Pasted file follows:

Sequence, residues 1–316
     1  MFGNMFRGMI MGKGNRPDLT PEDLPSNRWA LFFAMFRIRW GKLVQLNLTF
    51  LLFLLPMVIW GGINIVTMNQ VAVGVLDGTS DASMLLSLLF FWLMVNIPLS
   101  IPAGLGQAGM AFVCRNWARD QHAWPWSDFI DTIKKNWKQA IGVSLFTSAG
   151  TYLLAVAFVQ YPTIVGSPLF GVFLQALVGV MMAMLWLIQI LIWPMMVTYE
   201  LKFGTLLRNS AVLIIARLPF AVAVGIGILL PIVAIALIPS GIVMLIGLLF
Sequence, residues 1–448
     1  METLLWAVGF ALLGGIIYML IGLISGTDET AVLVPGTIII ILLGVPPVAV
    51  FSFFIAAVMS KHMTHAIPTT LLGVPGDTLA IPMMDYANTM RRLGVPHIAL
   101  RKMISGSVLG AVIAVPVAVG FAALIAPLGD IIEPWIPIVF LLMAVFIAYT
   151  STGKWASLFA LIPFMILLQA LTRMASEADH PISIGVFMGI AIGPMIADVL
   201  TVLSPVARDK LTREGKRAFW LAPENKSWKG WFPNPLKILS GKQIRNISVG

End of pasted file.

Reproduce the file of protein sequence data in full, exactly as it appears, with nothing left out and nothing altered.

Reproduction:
Sequence, residues 1–316
     1  MFGNMFRGMI MGKGNRPDLT PEDLPSNRWA LFFAMFRIRW GKLVQLNLTF
    51  LLFLLPMVIW GGINIVTMNQ VAVGVLDGTS DASMLLSLLF FWLMVNIPLS
   101  IPAGLGQAGM AFVCRNWARD QHAWPWSDFI DTIKKNWKQA IGVSLFTSAG
   151  TYLLAVAFVQ YPTIVGSPLF GVFLQALVGV MMAMLWLIQI LIWPMMVTYE
   201  LKFGTLLRNS AVLIIARLPF AVAVGIGILL PIVAIALIPS GIVMLIGLLF
Sequence, residues 1–448
     1  METLLWAVGF ALLGGIIYML IGLISGTDET AVLVPGTIII ILLGVPPVAV
    51  FSFFIAAVMS KHMTHAIPTT LLGVPGDTLA IPMMDYANTM RRLGVPHIAL
   101  RKMISGSVLG AVIAVPVAVG FAALIAPLGD IIEPWIPIVF LLMAVFIAYT
   151  STGKWASLFA LIPFMILLQA LTRMASEADH PISIGVFMGI AIGPMIADVL
   201  TVLSPVARDK LTREGKRAFW LAPENKSWKG WFPNPLKILS GKQIRNISVG